People inevitably differ on opinions about TeachFirst, the training route for “high-achieving graduates”. We can debate those opinions all day and I’m happy to do so. But too often those debates are hampered by ideas about TeachFirst which simply aren’t true. So, below, I’ve written out the main ones and tried to put the record straight. What I have written is based on my years as a participant (2006-08), then a tutor, then an in-school participant mentor.
1. TeachFirsters only have six weeks of training. Categorically not true. Yes, participants do a six-week Summer Institute before starting in their classrooms. Think of it as a really really intensive way of doing those first PGCE bits (nb: it’s residential, 6 weeks, twelve hour days). And don’t worry, the tutors at the Institute are HE tutors – many of whom have worked for years with PGCE and GTPs, or still do alongside their TF work. Even so, this is not all of the training. For the whole first year participants also have two HE tutors – a professional and a subject one – who observe them regularly. They have an in-school mentor and a TeachFirst Learning Development Officer. They do similar essays to PGCE students (theory, development, SEN, etc). They complete their QTS folder (like everyone else), and they attend half-termly day-release subject training sessions. Beyond that there are optional activities: conference, evening workshops, and there is the online community where you can gain help or discuss issues. Oh, and there’s the journal – with weekly reflections. All this, plus having their own classes that regularly monitored and observed in-school. Hence, to suggest that TeachFirsters “only have six weeks training” is not only wrong, but when you have been through the programme it actually feels quite insulting.
2. TeachFirst only takes the “brightest” students, but being bright doesn’t mean you can teach. Of all the myths, this drives me most daft. If accurate, it would read: “TeachFirst doesn’t even take the “brightest” students”. Academically you do need to be decent: a 2:1 or above (from any university). But on its own, that’s not enough. There are also 8 competencies that are tested over the full-day assessment centre all participants go through. A process which has been monitored and continually improved by one of the most professional graduate recruitment teams imaginable. If during assessment participants don’t meet a high score on each criteria, they can’t go on the programme. Every year of its existence (at least until 2011) TeachFirst recruited under-quota because it would rather have fewer trainees than take someone who doesn’t meet standards on the day. Why? Because doing training while also teaching a full NQT load is really very challenging, so they want people to demonstrate the abilities needed to do it well. The entry requirements are not there to say that someone with a 2:2 can’t teach or wouldn’t be an excellent teacher who is even better than a TeachFirster. But when there is so much for a trainee to do on the programme, it’s reasonable to ask for the ability to achieve well in a structured environment (as demonstrated by a 2:1) and then check this alongside all the other skills needed – resilience, leadership, etc.
3. TeachFirsters all leave after two years. On average 60% of participants stay in teaching for a third year. By 5 years that number dips to approximately 40%. Given that teachers through any route who teach in challenging schools have higher turnover rates this number is only to be expected. It’s also true that younger teachers have higher turnover rates, and TFs are predominantly (though by no means all) under 35. Given that general teacher turnover over five years is around the 50% mark you can see that 40% is really not so problematic. It’s also worth pointing out that an estimated 20% of participants also stay in education in other ways – e.g. my studying for a PhD in education, or going into HE to become teacher trainers.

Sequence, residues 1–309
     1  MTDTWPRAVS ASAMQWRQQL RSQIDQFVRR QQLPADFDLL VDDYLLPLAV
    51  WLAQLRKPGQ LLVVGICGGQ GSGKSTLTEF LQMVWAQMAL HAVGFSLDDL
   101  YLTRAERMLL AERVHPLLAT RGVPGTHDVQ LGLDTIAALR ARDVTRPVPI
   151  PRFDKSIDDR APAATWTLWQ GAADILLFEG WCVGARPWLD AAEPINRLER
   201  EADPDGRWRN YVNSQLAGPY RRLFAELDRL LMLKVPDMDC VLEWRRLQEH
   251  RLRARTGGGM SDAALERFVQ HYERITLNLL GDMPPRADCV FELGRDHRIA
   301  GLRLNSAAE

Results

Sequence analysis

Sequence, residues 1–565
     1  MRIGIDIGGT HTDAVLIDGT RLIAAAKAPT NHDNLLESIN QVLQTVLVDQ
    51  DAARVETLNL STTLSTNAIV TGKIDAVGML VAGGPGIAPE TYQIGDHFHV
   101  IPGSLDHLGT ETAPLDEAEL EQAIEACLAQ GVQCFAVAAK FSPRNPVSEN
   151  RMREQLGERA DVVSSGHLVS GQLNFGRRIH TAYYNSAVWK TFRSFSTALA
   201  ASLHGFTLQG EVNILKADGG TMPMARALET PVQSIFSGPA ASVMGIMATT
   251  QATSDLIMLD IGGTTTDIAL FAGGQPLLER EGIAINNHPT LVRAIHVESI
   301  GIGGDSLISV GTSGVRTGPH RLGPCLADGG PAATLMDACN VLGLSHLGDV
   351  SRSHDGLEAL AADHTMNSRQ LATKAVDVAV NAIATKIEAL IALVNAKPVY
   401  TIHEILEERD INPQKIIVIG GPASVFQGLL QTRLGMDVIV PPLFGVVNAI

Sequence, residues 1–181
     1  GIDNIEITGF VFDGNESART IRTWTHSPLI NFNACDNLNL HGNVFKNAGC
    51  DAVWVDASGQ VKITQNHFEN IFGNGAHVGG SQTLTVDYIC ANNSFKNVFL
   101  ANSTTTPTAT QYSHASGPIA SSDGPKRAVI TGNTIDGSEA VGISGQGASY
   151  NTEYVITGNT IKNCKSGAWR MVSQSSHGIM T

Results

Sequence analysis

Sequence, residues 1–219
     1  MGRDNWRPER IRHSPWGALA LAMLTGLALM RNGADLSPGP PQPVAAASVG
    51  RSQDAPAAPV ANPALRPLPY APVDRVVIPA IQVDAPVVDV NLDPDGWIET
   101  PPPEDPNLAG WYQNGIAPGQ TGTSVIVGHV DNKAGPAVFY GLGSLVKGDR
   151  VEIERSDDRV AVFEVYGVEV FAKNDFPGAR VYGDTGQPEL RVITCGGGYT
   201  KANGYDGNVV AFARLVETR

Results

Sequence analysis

4. TeachFirsters are unqualified teachers. No, TeachFirsters in their first year are trainee teachers. While unqualified in the technical sense, they are unqualified teachers on a programme to achieve QTS. This is distinct from people teaching without qualification and not taking part in any training (so are ‘unqualified teachers’ in the classic sense). In the second year TeachFirsters are newly qualified teachers. This confusion arises because schools, at a minimum, paid TeachFirsters at level 2 on the “unqualified teacher” pay scale in the first year.
5. TeachFirst is just a new name for FastTrack Teaching. Nope again. TeachFirst is a route for training new teachers. Fasttrack was a programme to help new teachers improve quickly and go on to become future lead practitioners. They are really quite different.
6. There’s a “secret handshake” that TeachFirsters all know. Maybe I’ll leave this unanswered just to keep a little mystery….. 😉
One final point: Hopefully this covers a lot of what people are confused about, but I can also imagine some people are now chomping at the bit. However, before you write in the comments that “I knew a TeachFirst and they were awful/boring/arrogant/brilliant/genius” do remember that this is likely true for every training route. Furthermore,TeachFirst isn’t bullet proof. An occasional participant makes it through on interview and falls apart at school for a whole heap of reasons. Whether that should be allowed to happen is one of the things we can debate but, please, let’s do it on the basis of what the programme actually is rather than on hearsay or the random TF duffer who once taught in a classroom next to you.
Okay, real final point: I’ve worked less with TF participants since 2011 so if something has changed for the latest cohort rendering something above unintelligible do let me know so I can change it.
Brett Wigdortz’s Autobiography which explains why and how he set up the company